August 4, 2014
Easy Way to Spot Workers’ Comp Fraud
by Karen Wolfe
Fraud by doctors and medical groups can be teased out of the data -- in real time -- and can be thwarted.
While there is considerable talk about fraud in workers’ compensation, the discussion usually refers to fraud by claimants or employers. Unfortunately, fraud and abuse also occurs in medical management.
Poorly performing medical doctors produce high costs and poor claim outcomes. When they are also corrupt, the damage can be exponential. We know poorly performing and corrupt doctors are out there.
More importantly, we also know how to find them!
Disciplining providers by not paying them when they knowingly overtreat is one solution, but even better is avoiding them altogether. Identify the bad doctors and carve them out of networks. Most agree with this philosophy, yet few medical networks in workers’ compensation have seriously addressed the issue.
Efforts to solve the problem should focus on identifying the perpetrators by means of a well-designed analytic strategy. The data, when analyzed appropriately, will point out medical doctors who perform badly.
There is a trail of abuse in the data. Bill review data, claims payer data, and pharmacy data, when integrated at the claim level including both historic and concurrent data, present a clear picture of undesirable practices. Outliers float to the surface.
Fraudulent providers treat more frequently and longer than their counterparts. They also use the most costly treatment procedures, selected as first option. The timing of treatment can produce evidence of corruption, such as when more aggressive treatments like surgery are selected early in the claim process.
Some of the more subtle forms of medical fraud involve manipulating the way bills are submitted. Corrupt practices attempt to trick standard computerized systems. They consistently overbill, knowing the bill review system will automatically adjust the bills downward. Systems can miss subtle combinations of diagnoses and procedures and allow payment.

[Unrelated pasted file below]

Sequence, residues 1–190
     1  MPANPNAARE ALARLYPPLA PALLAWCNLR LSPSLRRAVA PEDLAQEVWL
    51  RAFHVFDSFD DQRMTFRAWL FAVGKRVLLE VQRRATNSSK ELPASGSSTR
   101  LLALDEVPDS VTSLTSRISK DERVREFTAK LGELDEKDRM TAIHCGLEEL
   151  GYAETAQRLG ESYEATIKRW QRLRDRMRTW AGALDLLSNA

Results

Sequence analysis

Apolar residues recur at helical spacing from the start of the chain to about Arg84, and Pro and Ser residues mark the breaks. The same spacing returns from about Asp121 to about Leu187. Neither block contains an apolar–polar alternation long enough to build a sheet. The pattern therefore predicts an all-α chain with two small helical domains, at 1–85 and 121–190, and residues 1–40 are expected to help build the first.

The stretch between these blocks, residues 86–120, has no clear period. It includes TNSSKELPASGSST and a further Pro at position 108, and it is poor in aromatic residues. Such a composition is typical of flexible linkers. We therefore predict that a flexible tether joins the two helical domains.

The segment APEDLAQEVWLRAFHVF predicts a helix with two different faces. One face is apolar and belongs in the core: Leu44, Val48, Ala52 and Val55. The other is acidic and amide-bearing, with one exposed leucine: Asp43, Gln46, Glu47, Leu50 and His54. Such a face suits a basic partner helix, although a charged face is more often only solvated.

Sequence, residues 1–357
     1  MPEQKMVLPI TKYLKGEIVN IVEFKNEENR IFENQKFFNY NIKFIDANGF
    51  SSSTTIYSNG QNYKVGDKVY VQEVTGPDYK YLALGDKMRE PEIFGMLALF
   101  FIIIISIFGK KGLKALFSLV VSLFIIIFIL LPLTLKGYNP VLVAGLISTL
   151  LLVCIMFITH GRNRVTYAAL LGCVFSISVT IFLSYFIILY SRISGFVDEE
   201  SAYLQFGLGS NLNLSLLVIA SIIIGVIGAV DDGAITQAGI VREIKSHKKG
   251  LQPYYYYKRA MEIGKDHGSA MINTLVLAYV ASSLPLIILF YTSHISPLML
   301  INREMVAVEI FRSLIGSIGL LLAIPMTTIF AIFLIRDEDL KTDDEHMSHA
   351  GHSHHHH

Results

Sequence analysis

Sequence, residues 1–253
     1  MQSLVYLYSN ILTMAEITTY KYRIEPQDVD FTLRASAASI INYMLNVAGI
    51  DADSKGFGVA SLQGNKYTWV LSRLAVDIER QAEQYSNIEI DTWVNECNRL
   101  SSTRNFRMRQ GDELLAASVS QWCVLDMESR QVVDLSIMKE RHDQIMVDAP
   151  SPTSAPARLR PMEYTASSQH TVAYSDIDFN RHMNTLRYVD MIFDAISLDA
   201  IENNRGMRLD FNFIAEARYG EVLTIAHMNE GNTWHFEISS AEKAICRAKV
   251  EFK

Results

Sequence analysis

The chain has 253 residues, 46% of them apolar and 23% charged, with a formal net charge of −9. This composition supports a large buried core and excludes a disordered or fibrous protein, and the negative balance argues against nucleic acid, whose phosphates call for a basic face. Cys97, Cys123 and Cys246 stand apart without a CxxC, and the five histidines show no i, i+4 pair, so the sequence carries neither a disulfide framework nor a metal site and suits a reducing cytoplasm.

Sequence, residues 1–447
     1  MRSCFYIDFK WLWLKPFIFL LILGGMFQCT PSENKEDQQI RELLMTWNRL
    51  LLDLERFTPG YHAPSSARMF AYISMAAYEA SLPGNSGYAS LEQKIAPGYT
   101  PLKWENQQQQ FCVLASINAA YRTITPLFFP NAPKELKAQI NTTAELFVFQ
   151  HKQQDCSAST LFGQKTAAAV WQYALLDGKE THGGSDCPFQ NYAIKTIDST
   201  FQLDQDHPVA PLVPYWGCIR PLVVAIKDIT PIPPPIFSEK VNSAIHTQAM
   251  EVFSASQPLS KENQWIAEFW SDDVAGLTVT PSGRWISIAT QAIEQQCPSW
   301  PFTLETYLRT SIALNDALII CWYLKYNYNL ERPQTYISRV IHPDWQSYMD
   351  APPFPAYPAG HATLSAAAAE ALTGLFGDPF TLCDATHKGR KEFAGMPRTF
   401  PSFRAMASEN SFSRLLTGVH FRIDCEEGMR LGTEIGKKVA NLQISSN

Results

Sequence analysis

Likewise, some practitioners bill under multiple tax identifiers and from different locations. Unless these behaviors are being monitored, computer systems simply create different records for different tax ID’s and locations, making the records appear as different doctors. When attempting to evaluate performance, the results are skewed. Provider records must be merged and then re-evaluated to arrive at more realistic performance scores.
Disreputable providers may obtain multiple NPI numbers (National Provider Identifier) from CMS (Centers for Medicare and Medicaid Services). Once again, the data is deliberately made misleading.
The data can also be analyzed to discover patterns of referral among less principled providers and attorneys. Referral patterns can be monitored.
The data can be scrutinized to find doctors who are consistently associated with litigated cases. That may mean they are less effective medical managers or could indicate that they are part of a strategy to encourage litigation and certain attorney involvement. Kickbacks are obviously not shown in the data, but the question is raised.
Many doctors who skirt ethical practices would be shocked to be called fraudulent. Yet that is exactly what they are. Changing the name does not whitewash the behavior.
Happily, the good doctors are also easy to find in the data. Their performance can be measured by multiple indicators, and, analyzed over time and across many claims, they consistently rise to the top.
Selecting the right doctors and other providers for networks is a complex but important task, and subtleties of questionable performance can be teased out of the data.
The most important approach: Monitor the data in real time so you can intervene and thwart those trying to commit fraud.